5. Gratuities are included. The staff on Emerald Radiance are so friendly and so good at their jobs that we left a little something for them at the end of our cruise. But as gratuities are included you can feel good about stepping off the ship even if you do not tip extra. Gratuities are also included for tour guides and motorcoach drivers, so you need not think about dipping into your pocket at the conclusion of your tours.
6. Exceptional coffee and tea. It may not seem like a big deal, but if you’re cruising the Douro for eight days, you’ll no doubt want a cup of coffee or a cuppa tea that you thoroughly enjoy. Emerald Radiance features one of the best coffee machines that I’ve ever encountered (though I have encountered them before on sister company Scenic). I’m told the self-service machine costs more than €10,000. I can believe it. I took to calling the machine RoboCoffee. Take my favorite Latte Macchiato, for example. With the push of a button, the coffee machine huffs out a puff of steam, dispenses frothy milk, then a short shot of espresso. The result is beautiful, delicious and highly caffeinated, the perfect potion for a new day on the Douro.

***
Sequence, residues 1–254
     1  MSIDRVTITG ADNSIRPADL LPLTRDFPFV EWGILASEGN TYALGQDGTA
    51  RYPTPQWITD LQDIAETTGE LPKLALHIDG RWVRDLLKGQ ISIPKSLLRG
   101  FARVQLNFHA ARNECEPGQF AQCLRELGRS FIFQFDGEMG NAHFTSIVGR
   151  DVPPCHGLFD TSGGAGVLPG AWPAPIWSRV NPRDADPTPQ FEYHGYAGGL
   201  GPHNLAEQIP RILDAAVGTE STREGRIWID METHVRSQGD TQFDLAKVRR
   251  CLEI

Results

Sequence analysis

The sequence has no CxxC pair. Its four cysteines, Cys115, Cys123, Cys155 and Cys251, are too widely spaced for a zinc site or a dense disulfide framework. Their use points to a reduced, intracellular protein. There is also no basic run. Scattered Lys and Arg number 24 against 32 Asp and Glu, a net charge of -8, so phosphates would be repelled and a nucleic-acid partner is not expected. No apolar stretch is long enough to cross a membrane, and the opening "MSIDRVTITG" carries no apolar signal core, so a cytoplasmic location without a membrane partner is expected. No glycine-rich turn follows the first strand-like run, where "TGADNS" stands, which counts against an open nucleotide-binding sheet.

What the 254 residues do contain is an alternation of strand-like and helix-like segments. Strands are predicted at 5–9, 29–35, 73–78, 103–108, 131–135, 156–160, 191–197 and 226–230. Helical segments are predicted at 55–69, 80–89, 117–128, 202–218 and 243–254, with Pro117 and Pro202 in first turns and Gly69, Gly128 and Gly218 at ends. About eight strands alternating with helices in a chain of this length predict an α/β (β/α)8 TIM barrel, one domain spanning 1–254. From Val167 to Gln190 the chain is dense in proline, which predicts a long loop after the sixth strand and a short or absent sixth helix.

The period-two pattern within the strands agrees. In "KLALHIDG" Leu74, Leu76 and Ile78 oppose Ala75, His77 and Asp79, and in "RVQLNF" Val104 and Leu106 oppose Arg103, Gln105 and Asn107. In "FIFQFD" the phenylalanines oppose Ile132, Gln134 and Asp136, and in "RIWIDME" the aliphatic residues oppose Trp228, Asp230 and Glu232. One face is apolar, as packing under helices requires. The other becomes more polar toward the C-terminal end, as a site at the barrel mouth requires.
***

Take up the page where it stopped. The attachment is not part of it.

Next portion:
Emerald Radiance only began Douro River Cruises this past spring. And although ours was the last sailing of the season, in all aspects, the product appeared to be spot on, from accommodations to service to dining and activities.
That’s not just my opinion, but also the opinion of others who I spoke with at the end of our cruise. Of course, there will always be quibbles. Some who I spoke with wished for bigger bathrooms; others expressed desires for activities beyond the gym.
Staterooms on river cruisers are smaller than hotel rooms that travelers may be accustomed to (and hence bathrooms too). As for activity, our group of four set out on a rigorous hike in Barca d’Alva, climbing (and scrambling at times) more than 1,000 feet. The climb rewarded us with gorgeous sun-splashed views over the Douro River meandering its way into Spain. The trek up and back took us more than three hours, past prickly pear cacti, dried lavender and sturdy olive trees, and through vineyards where we plucked last-of-the-season grapes that were still sweet to the taste. The activity left us feeling good about being out and in the open in such beautiful surroundings.
Next year, Emerald Radiance will add canoe excursions and yoga sessions – and no doubt the return of its wonderful crew – and perhaps many more North Americans. Emerald Cruises is already well-known among Australians and Brits, and those two nationalities, along with Kiwis, typically make up the majority of guests on board. As the company increases its marketing presence in North America, however, Americans and Canadians are discovering Emerald Cruises. On our sailing, we met more than a dozen guests from the United States and Canada.